seals and selkies

There is something curiously human about seals, about their dark, dilated eyes and friendliness towards us.  It is not surprising that there is such a wealth of stories about seals taking human form and walking in our world, or acting as guides and protectors as we venture into theirs.  One of the most famous of these stories – retold beautifully by Clarissa Pinkola Estés as ‘Sealskin, Soulskin’ – tells of seal-maidens who take off their seal-skins to dance in human form by the light of the moon.  My personal favourite folkloric encounter with these creatures, however, takes the form of a human journey into their world, deep in the waters beyond John O’Groats.

The Scottish story of the Seal-catcher and the Merman, as told by Elizabeth Grierson in the Penguin book of Scottish Folk and Fairy Tales, is initially a tale about “the one that got away” – the king seal, stabbed by the seal-catcher for his enormous pelt, who escaped into the water with the knife still in his side.  Having given up the chase and turned for home, the seal-catcher meets a stranger on the road who takes him to the edge of the water and pushes him in, dragging him down to the deep-lying kingdom of the seals, where the king now lies dying.  Only the hand that struck the blow can heal him.  The seal-catcher, now transformed into a seal himself, finds he is deeply sorry for the harm that he has caused, and half-expects the seals to seek revenge.  But these are peaceful creatures:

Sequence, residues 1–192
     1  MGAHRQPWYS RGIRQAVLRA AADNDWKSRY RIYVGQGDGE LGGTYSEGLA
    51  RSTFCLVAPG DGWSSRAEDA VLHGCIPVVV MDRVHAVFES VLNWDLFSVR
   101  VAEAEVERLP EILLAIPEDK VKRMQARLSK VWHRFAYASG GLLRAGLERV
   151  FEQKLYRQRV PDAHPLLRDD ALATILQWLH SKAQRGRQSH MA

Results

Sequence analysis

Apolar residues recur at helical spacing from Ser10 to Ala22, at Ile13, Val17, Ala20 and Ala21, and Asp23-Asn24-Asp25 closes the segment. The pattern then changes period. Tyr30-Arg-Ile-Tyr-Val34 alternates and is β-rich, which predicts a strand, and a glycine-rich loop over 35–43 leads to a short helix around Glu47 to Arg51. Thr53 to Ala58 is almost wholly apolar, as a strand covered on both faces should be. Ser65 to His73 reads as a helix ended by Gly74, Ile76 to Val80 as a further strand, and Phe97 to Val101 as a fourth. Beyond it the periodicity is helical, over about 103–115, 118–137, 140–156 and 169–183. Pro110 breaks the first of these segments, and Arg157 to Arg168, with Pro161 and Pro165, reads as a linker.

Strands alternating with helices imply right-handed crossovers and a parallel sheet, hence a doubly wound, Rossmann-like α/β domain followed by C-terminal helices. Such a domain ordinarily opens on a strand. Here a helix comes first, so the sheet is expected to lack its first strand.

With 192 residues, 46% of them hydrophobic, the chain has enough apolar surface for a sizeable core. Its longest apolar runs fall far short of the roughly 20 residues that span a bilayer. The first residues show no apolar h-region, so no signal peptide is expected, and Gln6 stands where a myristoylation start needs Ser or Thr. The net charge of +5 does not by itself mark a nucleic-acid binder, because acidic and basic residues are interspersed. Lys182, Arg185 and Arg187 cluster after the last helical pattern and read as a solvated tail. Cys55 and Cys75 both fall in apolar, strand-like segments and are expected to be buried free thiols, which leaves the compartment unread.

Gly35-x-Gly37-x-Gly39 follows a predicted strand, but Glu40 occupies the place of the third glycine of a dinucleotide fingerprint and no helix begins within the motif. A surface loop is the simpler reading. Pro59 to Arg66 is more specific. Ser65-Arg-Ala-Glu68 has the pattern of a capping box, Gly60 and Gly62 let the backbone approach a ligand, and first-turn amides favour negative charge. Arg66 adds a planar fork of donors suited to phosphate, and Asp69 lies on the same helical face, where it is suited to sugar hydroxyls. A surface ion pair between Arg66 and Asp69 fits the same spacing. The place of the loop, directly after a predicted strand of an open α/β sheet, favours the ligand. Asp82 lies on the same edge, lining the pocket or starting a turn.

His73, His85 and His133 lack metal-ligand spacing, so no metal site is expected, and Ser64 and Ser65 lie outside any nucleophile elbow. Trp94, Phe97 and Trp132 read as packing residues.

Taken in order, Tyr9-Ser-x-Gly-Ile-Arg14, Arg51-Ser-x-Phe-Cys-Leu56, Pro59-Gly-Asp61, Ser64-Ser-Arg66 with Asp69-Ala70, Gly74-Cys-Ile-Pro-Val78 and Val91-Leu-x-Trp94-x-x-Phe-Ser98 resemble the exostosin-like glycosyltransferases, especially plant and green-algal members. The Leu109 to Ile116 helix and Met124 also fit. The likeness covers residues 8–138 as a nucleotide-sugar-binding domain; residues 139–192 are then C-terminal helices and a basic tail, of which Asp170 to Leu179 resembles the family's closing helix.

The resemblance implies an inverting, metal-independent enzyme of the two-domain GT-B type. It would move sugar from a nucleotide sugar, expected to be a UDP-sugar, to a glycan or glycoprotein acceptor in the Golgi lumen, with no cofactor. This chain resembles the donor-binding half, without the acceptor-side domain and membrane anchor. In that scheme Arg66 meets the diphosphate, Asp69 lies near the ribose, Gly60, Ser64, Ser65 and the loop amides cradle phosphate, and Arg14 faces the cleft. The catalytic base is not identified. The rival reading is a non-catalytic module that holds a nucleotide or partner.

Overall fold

“they crowded round him, rubbing their soft noses against his fur to show their sympathy, and implored him not to be afraid, for no harm would befall him”

All they ask of him is that he removes the knife and washes and dresses the wound – and that he swears an oath to never harm another seal again.  So he swears, even though he knows his family may starve without the money that the seal-pelts bring.  When they return him to the shore, and his seal-form falls away, the reformed seal-catcher turns to shake the hand of the stranger/seal who had accompanied him – but into his outstretched hand, the stranger places a bag of gold, with the words:

“Men shall never say that we took away an honest man’s work without giving him some compensation for it, and here is what will keep you in comfort to your life’s end.”

The tale is fabulous in the truest sense – it could be a fable for these troubled times.  There are not so many seal-hunters now, but seals are still hunted, culled and killed in conflicts with fisheries; they also face contamination from marine pollution, and entanglement in fishing nets and in the human debris that litters our seas.  And only we, who wield these knives, can heal these wounds.

Yesterday, I put my name forward to volunteer with the Friends of Hilbre Island.  One of the many services they offer is seal-watching sessions for the visiting public.  On this island – and in many other places like it – we really can visit the realm of the seals.  And with compassion, with the sight of what we have done, we can inspire the desire to undo it, and the resolve to never see it done again.


a pilgrimage in two parts


To the island.

In cities that
have outgrown their promise people
are becoming pilgrims
again, if not to this place,
then to the recreation of it
in their own spirits.

R.S. Thomas

The first pilgrimage I joined – entirely by accident – was to Santa Faz in Alicante.  I woke one morning to see the street below me thronged with people, all heading in the same direction, all carrying a sprig of rosemary, and I made up my mind to join them.  That was how I learned that rosemary (ros marinus, the dew of the sea) shares its Spanish name with the act of pilgrimage, romero, of which it is a symbol.

Alighting from the train in West Kirby, with a packed lunch and a copy of Laver’s tide table, I stop to pick an overgrowing sprig from a nearby garden to carry with me on my journey.